Around the world, alcohol is consumed in a range of different environments and settings – some associated with higher levels of harm than others. This section overviews some of the interventions that have been targeted to reduce harm in drinking settings – especially bars and clubs. Harms such as violence, injury and drunkenness can be reduced through the safer design of drinking venues, the provision of food, the use of strengthened glass or non-glass receptacles (see section 9), and the training of staff on responsible service (see section 10). This section includes a number of guidelines and reviews – including a randomised controlled trial of the groundbreaking ‘Safer Bars’ programme in the USA.
This document is a comprehensive review of the evidence of effectiveness for eight different harm reduction approaches that target drinking in licensed premises: training programmes for bar staff and bar management, house policies and venue risk assessments, agreements among groups of bar owners, enforcement, laws and regulations, designated driver and ride services, community mobilisation, and patron education. The review found an abundance of local interventions to reduce problems in bars – all with strong “face validity” but varied quality. However, very few of them had been rigorously evaluated in order to create a collective evidence base.
Graham K, Osgood WD, Zibrowski E, Purcell J, Gliksman L, Leonard K, Pernanen K, Saltz RF, Toomey TL (2004) The Effect of the Safer Bars Programme on Physical Aggression in Bars: Results of a randomized controlled trial. Drug and Alcohol Review, 23(1), pages 31 - 41
The Safer Bars Programme from Canada is one of the best evaluated and pioneering projects to encourage the safer design and practices of drinking venues. This document is an evaluation of the Programme, which consists of two interventions - a risk assessment workbook (to be completed by bar managers) and a three-hour training session focused on reducing aggression. After over 700 observations, the authors conclude that this intervention can reduce severe and moderate physical aggression in bars.
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Bars have become a mainstay of alcohol consumption in many societies – a place where large numbers can gather and drink socially. However, there is a growing evidence base linking a variety of alcohol-related harms (such as aggression, violence, public disorder and injuries) with bars – and, more importantly, with identifiable and changeable characteristics of a bar. This document is a review of published empirical evidence that identifies risk factors in bars.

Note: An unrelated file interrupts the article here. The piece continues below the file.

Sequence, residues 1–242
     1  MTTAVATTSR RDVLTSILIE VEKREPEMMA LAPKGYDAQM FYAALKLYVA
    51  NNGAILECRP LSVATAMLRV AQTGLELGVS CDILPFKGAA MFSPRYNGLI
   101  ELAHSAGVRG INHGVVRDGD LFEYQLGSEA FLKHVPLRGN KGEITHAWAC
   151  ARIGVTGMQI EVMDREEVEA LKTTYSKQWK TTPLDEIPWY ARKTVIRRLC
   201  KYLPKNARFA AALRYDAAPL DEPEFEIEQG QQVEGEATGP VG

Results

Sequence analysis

Luke LC, Dewar C, Bailey M, McGreevy D, Morris H & Burdett-Smith P (2002) A Little Nightclub Medicine: The healthcare implications of clubbing. Emergency Medicine Journal, 19, pages 542 - 545 (PDF, 145 KB)
This study explores the scale and range of acute medical problems among patients who present to an inner city accident and emergency department after attending nightclubs in Liverpool, England. There were 777 cases - mainly as a result of assaults. Lacerations were the most common injury. The authors make numerous recommendations to address this – including unbreakable glass or plastic containers (see Section 9), medical care at nightclubs, preventing over-crowding, and targeted policing.
This document is an undated pamphlet designed to guide pub and bar owners who wish to reduce potential violence in their premises. The practical advice includes providing food, avoiding ‘bottle-necks’ (where many people need to squeeze through small spaces – often near amenities such as the washrooms), simple decorations, and calm music.
New York City Police Department & New York Nightlife Association (2007) Best Practices for Nightlife Establishments. New York (USA): New York City Police Department & New York Nightlife Association (PDF, 165 KB)
This document aims to assist owners of bars and clubs in New York to develop and maintain safer premises that are free from illicit drugs, underage drinking, drunkenness, violence, commercial sex work and/or sexual offences. This advice has been issued by the New York Police Department as a “general road map” towards reducing the harms associated with licensed premises in the night-time economy.